Sens. Patrick LeahyPatrick LeahyJudiciary Dems seek hearing on voting rights Overnight Cybersecurity: Voter data breaches spark fraud concerns Overnight Regulation: FDA campaign targets smoking in LGBT community MORE (D-Vt.) and Richard BlumenthalRichard BlumenthalJudiciary Dems seek hearing on voting rights Supreme Court wrestles with corruption law Lawmaker calls for probe into 'unusual' Amazon cruise deaths MORE (D-Conn.) called on the Food and Drug Administration (FDA) Monday to expedite its review of a major painkiller’s anti-abuse properties.
Zogenix’s Zohydro ER is an extended release version of the first approved pure hydrocodone product. Despite widespread criticism of the drug's abuse potential, the FDA argues it is needed to help patients with severe pain and reduce their risk of liver toxicity from hydrocodone combination products.
“The drug was approved despite lacking any abuse-deterrent properties and over strong objections from the FDA’s own independent advisory committee,” the senators wrote. “We share the concerns of the many governors and state attorneys general who believe this powerful drug is all but certain to exacerbate our nation’s addiction to opioid analgesics, which results in tens of thousands of overdose deaths each year.”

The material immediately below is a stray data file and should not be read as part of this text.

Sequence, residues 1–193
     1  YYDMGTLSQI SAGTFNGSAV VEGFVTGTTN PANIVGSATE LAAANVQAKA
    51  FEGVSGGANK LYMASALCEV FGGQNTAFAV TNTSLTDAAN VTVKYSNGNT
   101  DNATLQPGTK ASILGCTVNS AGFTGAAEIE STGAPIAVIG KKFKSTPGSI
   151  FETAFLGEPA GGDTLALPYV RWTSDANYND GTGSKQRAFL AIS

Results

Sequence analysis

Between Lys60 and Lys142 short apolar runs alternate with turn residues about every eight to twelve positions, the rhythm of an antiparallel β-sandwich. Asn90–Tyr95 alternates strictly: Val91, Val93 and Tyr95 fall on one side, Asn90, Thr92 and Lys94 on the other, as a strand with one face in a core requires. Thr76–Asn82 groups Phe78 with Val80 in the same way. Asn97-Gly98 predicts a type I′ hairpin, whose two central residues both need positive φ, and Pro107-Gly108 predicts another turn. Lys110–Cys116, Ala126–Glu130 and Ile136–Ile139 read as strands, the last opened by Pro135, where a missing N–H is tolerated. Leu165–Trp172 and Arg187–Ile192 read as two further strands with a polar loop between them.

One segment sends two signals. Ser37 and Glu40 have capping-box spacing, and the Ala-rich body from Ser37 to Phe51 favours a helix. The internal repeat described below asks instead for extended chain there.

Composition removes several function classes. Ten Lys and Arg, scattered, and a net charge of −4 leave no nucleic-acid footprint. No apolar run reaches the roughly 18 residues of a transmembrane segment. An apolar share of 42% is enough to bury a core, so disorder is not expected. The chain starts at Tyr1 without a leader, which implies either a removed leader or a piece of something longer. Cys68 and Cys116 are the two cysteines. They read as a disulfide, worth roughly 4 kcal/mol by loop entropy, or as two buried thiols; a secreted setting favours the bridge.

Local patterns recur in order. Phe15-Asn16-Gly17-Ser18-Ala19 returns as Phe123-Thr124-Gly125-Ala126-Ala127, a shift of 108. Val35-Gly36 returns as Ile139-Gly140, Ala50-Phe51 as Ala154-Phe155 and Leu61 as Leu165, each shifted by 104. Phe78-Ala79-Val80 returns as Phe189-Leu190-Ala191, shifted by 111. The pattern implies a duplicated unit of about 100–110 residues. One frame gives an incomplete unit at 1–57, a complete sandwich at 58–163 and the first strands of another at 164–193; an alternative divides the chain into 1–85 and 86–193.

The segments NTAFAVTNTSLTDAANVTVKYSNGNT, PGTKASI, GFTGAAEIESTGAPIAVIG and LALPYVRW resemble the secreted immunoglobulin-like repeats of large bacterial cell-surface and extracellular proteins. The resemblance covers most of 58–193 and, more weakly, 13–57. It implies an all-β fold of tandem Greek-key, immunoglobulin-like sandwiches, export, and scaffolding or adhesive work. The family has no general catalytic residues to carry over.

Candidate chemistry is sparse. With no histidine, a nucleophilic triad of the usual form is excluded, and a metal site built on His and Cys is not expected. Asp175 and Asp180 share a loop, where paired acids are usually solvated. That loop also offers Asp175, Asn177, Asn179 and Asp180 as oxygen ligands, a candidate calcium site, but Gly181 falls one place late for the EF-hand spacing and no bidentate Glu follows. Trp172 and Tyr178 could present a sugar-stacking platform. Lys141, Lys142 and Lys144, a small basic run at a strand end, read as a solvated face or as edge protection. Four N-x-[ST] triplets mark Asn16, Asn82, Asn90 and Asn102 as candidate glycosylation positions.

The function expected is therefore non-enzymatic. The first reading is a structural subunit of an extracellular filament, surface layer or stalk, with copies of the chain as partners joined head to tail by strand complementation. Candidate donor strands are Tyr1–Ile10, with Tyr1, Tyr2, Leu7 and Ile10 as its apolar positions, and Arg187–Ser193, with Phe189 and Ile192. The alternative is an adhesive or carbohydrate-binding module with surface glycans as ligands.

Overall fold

Leahy and Blumenthal demanded that the FDA brief them on plans to monitor the use of Zohydro ER and whether it will reevaluate the drug’s status if widespread problems develop.
“Given their potency and ease of abuse, we have little doubt that pure opioid products may lead more Americans to addiction, some even to heroin,” Leahy and Blumenthal wrote. “As safer, abuse-deterrent opioids are approved, the FDA should act swiftly to remove any older, less safe versions.”
The senators said they hope the FDA acts quickly because it has taken up to three years for the FDA to ban products that lack abuse-deterrent properties in the past.
During a hearing last month over the FDA’s budget, Rep. Hal Rogers (R-Ky.), chairman of the House Appropriations Committee, grilled FDA Commissioner Margaret Hamburg why the agency did not delay Zhydro’s approval until abuse deterrent versions of the drug were available. Hamburg responded by stating there was no guarantee abuse deterrent products that make the pills harder to crush or dissolve will work.
While Zogenix is suing Massachusetts for banning Zohydro the company also recently announced it was selling off its migraine injection Sumavel in order to raise capitol to develop an abuse deterrent version of the Zohydro. But that may not be enough as Purdue Pharma is already ahead of the pack with its own abuse deterrent hydrocodone under development.
— This article was updated at 4:15 p.m.